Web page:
Local educators made up much of the audience at a Thursday night screening of a documentary about public school students overwhelmed with homework and other pressures, and some said the film made them think of their own districts.
"We talk a lot in the district about this homework debate," said San Marcos Unified School District Superintendent Kevin Holt, one of five panelist who discussed the film "Race to Nowhere" after its screening at Cal State San Marcos. "Is it purposeful and meaningful? Is it reasonable in the amount and quantity?"
Panelists at the screening also included Hidden Valley Middle School teacher Mae Chaplin, CSUSM instructor Rong-Ji Chen, Vista Magnet Middle School Principal Jose Manuel Villarreal and Valley High School teacher Jannis Brandenburg.
"There's three pages worth of notes here that I happened to prepare for my staff, because I'm going to show this movie to them when they return from vacation," Villarreal said.
Unlike the more-widely distributed "Waiting for Superman," a documentary that blamed failing schools largely on uninspired teachers, "Race to Nowhere" shows students being pushed to the point of physical exhaustion to keep up their grade-point averages.
Director Vicki Abeles has said "Race to Nowhere," her first documentary, was inspired after her own daughter was diagnosed with a stress-related illness. She and her family are featured in the film, which includes students, educators and psychologists.
In the film, a girl named Allison tells of being sent to a stress center, and a boy named Sam reveals he woke up dreading to go to school. Their last names are not revealed.
Much of the film focused on an overload of homework and a push to take college-prep courses and pile on extracurricular activities in order to be accepted by four-year universities.
Ironically, some educators in the film said, students in nations with less homework often outperform American students academically, and college prep courses sometimes do little more than inflate grade-point averages without actually teaching much.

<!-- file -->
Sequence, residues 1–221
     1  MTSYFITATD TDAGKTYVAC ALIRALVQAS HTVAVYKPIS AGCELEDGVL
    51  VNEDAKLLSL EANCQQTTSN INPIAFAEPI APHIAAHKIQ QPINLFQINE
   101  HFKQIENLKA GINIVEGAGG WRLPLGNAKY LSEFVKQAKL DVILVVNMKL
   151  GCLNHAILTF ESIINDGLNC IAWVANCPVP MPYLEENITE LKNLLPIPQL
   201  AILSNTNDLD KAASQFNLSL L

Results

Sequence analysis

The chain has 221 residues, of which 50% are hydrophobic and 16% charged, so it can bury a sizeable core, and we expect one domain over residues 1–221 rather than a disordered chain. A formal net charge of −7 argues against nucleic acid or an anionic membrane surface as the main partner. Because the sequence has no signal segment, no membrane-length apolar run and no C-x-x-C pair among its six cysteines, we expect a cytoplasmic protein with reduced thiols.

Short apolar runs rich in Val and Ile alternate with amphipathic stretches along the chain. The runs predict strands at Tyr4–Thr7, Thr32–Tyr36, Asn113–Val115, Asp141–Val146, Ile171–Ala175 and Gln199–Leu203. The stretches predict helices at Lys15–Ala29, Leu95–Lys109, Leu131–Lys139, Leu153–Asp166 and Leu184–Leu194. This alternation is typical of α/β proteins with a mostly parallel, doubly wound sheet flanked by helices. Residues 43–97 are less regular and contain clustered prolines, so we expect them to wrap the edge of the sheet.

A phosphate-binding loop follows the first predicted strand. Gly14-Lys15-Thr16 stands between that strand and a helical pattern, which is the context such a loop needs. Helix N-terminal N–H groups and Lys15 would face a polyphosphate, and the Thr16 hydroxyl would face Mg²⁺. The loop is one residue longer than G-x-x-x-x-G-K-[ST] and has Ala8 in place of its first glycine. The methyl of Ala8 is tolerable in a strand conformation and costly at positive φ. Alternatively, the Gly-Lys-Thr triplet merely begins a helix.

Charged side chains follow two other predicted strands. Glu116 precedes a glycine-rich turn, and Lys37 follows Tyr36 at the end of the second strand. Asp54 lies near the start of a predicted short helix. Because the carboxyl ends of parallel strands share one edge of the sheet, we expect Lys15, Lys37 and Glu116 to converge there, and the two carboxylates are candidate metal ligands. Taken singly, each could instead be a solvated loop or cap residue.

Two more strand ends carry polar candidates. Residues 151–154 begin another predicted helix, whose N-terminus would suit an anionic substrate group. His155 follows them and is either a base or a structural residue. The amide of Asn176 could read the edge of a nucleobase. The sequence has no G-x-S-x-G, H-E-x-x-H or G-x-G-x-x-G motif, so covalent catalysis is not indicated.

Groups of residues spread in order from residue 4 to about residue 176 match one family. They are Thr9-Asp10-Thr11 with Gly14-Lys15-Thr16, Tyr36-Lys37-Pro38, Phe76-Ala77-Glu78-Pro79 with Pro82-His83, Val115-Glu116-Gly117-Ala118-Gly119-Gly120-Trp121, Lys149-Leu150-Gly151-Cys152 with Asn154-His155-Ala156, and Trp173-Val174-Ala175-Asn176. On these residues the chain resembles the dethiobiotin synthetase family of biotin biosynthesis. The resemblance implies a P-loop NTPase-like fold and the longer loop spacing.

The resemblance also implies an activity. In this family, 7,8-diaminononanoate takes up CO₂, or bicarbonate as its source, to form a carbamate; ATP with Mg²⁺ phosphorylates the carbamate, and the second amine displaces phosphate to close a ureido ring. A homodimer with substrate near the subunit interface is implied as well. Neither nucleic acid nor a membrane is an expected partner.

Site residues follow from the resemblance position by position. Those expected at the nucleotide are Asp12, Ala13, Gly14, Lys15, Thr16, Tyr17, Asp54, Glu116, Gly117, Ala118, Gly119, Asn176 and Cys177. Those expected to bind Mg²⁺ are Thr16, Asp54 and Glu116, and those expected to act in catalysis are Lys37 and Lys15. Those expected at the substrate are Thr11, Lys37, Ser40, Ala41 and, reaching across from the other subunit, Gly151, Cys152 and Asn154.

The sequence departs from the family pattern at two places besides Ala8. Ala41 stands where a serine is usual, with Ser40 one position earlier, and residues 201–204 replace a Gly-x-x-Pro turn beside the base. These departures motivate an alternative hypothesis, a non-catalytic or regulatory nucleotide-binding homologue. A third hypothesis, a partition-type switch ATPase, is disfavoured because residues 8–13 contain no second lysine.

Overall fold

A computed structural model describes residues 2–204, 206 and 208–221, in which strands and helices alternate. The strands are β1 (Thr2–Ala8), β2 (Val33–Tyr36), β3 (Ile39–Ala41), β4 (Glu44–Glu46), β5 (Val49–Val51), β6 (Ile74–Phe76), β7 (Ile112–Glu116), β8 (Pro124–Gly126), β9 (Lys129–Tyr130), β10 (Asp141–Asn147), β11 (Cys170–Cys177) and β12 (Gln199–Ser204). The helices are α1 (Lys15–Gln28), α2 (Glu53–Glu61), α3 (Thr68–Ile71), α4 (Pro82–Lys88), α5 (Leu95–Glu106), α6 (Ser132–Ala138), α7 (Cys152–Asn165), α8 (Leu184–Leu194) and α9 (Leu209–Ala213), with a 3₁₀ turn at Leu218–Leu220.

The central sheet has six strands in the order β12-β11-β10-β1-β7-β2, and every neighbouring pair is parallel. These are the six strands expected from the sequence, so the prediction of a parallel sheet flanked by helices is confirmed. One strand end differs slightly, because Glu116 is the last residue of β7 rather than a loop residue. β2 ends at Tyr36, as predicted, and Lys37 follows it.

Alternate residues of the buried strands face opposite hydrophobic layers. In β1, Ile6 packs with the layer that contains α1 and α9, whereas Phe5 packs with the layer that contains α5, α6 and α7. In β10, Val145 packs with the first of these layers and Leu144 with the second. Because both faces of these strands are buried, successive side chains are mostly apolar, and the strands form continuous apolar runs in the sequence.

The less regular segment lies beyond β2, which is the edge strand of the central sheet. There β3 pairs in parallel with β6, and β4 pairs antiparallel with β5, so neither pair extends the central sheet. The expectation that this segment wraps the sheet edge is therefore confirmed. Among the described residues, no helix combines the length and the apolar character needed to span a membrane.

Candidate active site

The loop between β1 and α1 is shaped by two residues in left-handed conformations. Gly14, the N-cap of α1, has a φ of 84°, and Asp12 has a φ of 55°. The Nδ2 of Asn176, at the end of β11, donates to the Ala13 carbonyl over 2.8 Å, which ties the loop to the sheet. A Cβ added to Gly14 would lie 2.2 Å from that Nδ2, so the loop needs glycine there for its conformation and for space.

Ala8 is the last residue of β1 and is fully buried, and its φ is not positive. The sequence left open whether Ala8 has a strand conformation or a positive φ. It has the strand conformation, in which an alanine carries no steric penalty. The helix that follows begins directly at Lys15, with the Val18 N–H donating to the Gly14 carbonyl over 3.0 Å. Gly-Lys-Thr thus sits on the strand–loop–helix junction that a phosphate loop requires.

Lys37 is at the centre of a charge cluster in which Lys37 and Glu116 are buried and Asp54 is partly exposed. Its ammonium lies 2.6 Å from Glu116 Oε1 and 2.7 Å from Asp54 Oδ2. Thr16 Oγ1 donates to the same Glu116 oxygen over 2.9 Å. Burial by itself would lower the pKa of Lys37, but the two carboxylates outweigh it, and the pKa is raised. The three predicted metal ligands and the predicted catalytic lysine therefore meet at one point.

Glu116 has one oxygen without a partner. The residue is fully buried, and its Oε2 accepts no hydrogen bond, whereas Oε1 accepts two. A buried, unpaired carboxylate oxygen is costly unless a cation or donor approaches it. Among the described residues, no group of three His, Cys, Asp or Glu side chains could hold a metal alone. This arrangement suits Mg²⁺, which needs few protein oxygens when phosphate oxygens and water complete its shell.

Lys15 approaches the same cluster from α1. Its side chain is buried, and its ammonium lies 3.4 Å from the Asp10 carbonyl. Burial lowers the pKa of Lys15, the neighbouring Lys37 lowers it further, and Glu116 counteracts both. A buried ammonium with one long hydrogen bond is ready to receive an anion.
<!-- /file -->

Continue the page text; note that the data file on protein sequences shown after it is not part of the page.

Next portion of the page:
"You stuff as much as possible into your brain, and when you're done with it, out it goes," one boy in the film said. A girl in the film said she looks forward to college as a place where she will finally start learning.
A college dean in the film noted that despite the high grade-point averages required to get into schools in the University of California system, many students who excelled academically in high school must take remedial courses to bring them up to speed once they enter college.
Teachers in the film also complained that they don't have an opportunity to teach project-based learning or other activities said to instill critical-thinking skills, but instead are directed to teach students how to take standardized tests that are used to judge their school's overall performance.
Asked by an audience member how to keep passion alive in teachers, Chaplin said they should be treated as professionals and not directed to follow prepackaged curriculums.
In the audience, Escondido High School District Superintendent Ed Nelson joined the discussion and said the culture of society and the competitiveness of a worldwide workplace was adding stress to students.
"In our culture, we are so adamant about reinforcing success, and maybe not as adamant as supporting individuals and validating individuals when they fail," Nelson said about helping relieve some of that stress.
"Race to Nowhere" is not being distributed to theaters, but rather is being screened at venues that often include panel discussions. It will be shown at 6 p.m. Tuesday at Carrillo Elementary in Carlsbad, 6:45 p.m. Tuesday at Temple Adat Shalom in Poway, 7 p.m. Jan. 6 at the Dove Library in Carlsbad and 7 p.m. Jan. 12 at Rancho Santa Fe School. For ticket information, visit RaceToNowhere.com.
Call staff writer Gary Warth at 760-740-5410.